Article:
Why Is the Pentagon Moving Communications Equipment to the Cheyenne Mountain Complex?
Carved into the side of Cheyenne Mountain in the 1960’s, Cheyenne Mountain Complex hosted the U.S. Command Center that monitored and received early warning for potential attacks from Cold War-era villains in the Soviet Union. Cheyenne Mountain played an important role by protecting U.S. command, control, and communications from any nuclear attacks. A decade ago, the North American Aeropsace Defense Command (NORAD) relocated to nearby Peterson Air Force Base in Colorado Springs, CO.
But the Cheyenne Mountain Complex, now called Cheyenne Mountain Air Force Station, is going to play a similar role nearly 50 years later.
“Because of the very nature of the way that Cheyenne Mountain is built, it’s EMP-hardened,” Admiral William Gortney, commander of U.S. Northern Command and NORAD said. “It wasn’t really designed to be that way, but the way it was constructed makes it that way.” “And so, there’s a lot of movement to put capability into Cheyenne Mountain and to be able to communicate in there,” Gortney continued.
Electromagnetic pulses (EMP) have been a hot topic for defense planners due to the heightened ability for adversaries to attack the U.S. homeland with devices designed to fry electronics and the electrical grid. NASA also has concerns that a X-class EMP, caused by solar flares called coronal mass ejections, could disrupt or destroy the civilian electrical grid. Some of those flares have been at least 14 times the size of the Earth. NASA officials have estimated that the cost of an X-class EMP hitting the U.S. could kill up to 90% of the population through lack of electricity and basic services.
Department of Defense facilities rely on the civilian electrical grid by 99%, yet DHS doesn’t count EMPs in its top 15 threats for its National Planning Scenarios. So it’s funny that the Pentagon last week awarded a $700 million contract to defense contractor Raytheon to install communications equipment inside the Cheyenne Mountain Complex. Raytheon will support the Integrated Tactical Warning/Attack Assessment (ITW/AA). According to the contract details, “The program provides ITW/AA authorities accurate, timely and unambiguous warning and attack assessment of air, missile and space threats.”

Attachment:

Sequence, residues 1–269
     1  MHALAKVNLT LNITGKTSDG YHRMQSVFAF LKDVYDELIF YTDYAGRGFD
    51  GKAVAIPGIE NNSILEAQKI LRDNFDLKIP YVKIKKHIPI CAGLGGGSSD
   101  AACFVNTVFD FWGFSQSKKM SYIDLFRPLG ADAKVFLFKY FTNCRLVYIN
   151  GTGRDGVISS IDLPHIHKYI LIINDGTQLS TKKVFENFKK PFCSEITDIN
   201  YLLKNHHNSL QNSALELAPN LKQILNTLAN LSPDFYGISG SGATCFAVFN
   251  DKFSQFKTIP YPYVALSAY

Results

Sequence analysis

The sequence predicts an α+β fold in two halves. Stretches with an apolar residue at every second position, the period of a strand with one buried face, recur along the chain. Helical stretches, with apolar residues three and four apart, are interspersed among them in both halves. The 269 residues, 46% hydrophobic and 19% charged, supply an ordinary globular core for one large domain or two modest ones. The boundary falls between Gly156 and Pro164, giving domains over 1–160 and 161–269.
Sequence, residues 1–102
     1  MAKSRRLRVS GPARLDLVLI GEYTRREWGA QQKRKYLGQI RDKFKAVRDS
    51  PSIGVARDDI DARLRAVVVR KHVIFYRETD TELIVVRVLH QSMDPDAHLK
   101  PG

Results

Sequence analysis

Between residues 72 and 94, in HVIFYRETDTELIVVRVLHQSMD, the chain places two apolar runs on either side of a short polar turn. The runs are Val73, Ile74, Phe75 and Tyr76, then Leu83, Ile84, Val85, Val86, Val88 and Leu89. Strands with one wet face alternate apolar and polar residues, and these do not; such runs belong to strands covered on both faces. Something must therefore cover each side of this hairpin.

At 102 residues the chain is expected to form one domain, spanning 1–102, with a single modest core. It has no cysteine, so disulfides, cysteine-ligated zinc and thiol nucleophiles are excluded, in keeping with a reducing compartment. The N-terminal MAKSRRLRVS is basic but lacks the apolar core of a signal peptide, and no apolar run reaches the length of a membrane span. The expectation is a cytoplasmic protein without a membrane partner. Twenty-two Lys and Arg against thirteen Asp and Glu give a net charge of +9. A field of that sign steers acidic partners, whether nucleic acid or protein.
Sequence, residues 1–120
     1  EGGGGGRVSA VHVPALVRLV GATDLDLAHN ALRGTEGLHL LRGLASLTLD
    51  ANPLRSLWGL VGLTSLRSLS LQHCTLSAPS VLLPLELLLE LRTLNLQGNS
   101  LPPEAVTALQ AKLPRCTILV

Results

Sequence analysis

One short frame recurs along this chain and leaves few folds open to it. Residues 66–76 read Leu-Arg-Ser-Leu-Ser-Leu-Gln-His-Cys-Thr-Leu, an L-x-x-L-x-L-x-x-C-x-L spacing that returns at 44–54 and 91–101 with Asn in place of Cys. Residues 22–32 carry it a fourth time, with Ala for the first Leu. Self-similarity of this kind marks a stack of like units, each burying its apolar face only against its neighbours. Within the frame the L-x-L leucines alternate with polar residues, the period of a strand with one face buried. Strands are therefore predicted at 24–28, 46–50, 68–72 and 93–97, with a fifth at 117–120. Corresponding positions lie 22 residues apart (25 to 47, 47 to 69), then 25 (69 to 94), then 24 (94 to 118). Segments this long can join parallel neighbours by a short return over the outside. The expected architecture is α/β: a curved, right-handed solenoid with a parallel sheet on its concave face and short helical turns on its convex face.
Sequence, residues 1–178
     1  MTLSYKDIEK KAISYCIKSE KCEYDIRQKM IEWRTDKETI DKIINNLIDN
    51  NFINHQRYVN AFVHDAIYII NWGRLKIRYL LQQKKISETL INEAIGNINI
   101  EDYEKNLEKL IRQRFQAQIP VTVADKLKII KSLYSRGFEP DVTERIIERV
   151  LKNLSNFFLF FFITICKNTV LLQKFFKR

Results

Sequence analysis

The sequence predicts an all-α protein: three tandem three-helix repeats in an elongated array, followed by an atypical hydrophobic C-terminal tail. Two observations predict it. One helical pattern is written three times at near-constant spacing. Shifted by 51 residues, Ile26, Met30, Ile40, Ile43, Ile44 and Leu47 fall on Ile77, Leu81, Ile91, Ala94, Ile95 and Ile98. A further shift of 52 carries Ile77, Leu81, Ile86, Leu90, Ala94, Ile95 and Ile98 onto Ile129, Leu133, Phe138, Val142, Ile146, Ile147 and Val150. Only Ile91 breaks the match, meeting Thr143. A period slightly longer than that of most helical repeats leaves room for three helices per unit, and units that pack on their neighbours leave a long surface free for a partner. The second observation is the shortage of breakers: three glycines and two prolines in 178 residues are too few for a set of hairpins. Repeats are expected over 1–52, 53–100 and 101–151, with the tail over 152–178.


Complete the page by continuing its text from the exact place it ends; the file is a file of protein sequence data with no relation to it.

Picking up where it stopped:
Raytheon was awarded the contract partly based on its Multi-Source Correlator Tracker and Tactical Display Framework, which will allow NORAD units to better track potential airborne and spaceborne threats. “Raytheon has deep expertise in sustainment and modification solutions that include sensor and software systems, radars, command and control, and range-engineering services,” said David Wajsgras, President of Raytheon Intelligence, Information and Services.
And, apparently, Cheyenne Mountain looks like a sporty retreat location for a lot more than ITW/AA equipment.
“My primary concern was: ‘Are we going to have the space inside the mountain for everybody that wants to move in there?’ … but we do have that capability,” Admiral Gortney said.
In a 2013 speech, then-Defense Secretary Chuck Hagel called NORAD and Cheyenne Mountain “the nerve center of defense for North America.”
(Analyst Comment: The Pentagon must prepare for a myriad of scenarios, which includes an EMP attack, so it’s no surprise that they’re spending money to ensure redundancy and protect critical communications. North Korea has likely been working on developing EMP weapons that can be launched by ballistic missile to detonate over the U.S. Given the high likelihood of EMP weaponization, North Korea is probably receiving assistance from Russia. In 2013, North Korea allegedly practiced an EMP strike on the States. The ability of U.S. and other nation militaries to stop an EMP attack from North Korea is unknown. Much of that ability depends on the vector of attack. Given that an unsuccessful attack would mean the destruction of the Kim regime in North Korea, an attack is unlikely, except in the case of North Korean national survival. A natural EMP event is the more likely of the two.)